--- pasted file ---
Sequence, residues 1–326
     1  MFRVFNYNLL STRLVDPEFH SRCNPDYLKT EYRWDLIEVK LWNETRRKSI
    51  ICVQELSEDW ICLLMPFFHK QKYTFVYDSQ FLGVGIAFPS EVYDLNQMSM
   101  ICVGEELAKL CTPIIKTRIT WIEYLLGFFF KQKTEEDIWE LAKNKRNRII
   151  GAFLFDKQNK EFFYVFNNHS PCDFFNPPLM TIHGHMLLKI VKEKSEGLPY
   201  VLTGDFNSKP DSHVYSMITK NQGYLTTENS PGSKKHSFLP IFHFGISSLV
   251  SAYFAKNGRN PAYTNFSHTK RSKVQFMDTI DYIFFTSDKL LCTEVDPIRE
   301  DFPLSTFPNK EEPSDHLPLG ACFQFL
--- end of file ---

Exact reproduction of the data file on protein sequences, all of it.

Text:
Sequence, residues 1–326
     1  MFRVFNYNLL STRLVDPEFH SRCNPDYLKT EYRWDLIEVK LWNETRRKSI
    51  ICVQELSEDW ICLLMPFFHK QKYTFVYDSQ FLGVGIAFPS EVYDLNQMSM
   101  ICVGEELAKL CTPIIKTRIT WIEYLLGFFF KQKTEEDIWE LAKNKRNRII
   151  GAFLFDKQNK EFFYVFNNHS PCDFFNPPLM TIHGHMLLKI VKEKSEGLPY
   201  VLTGDFNSKP DSHVYSMITK NQGYLTTENS PGSKKHSFLP IFHFGISSLV
   251  SAYFAKNGRN PAYTNFSHTK RSKVQFMDTI DYIFFTSDKL LCTEVDPIRE
   301  DFPLSTFPNK EEPSDHLPLG ACFQFL